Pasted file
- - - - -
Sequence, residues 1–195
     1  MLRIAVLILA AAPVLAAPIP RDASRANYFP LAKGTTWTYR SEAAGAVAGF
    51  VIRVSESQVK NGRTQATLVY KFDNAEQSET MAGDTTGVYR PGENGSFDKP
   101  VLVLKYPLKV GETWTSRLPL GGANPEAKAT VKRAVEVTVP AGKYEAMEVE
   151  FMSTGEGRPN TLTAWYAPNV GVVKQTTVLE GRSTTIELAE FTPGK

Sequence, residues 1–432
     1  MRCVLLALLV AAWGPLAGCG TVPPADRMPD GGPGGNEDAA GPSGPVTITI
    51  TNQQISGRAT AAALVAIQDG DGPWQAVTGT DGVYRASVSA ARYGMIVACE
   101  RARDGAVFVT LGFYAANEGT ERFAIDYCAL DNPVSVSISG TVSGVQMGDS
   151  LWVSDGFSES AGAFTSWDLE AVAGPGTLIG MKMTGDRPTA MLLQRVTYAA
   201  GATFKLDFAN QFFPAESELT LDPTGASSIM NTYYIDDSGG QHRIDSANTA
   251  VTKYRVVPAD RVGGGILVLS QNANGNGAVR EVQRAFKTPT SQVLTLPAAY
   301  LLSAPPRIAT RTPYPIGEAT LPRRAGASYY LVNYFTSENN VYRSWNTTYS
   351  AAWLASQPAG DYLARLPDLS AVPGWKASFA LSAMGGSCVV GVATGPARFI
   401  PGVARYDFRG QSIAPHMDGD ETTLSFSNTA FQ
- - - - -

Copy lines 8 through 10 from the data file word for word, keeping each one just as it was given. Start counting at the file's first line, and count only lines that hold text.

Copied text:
    51  TNQQISGRAT AAALVAIQDG DGPWQAVTGT DGVYRASVSA ARYGMIVACE
   101  RARDGAVFVT LGFYAANEGT ERFAIDYCAL DNPVSVSISG TVSGVQMGDS
   151  LWVSDGFSES AGAFTSWDLE AVAGPGTLIG MKMTGDRPTA MLLQRVTYAA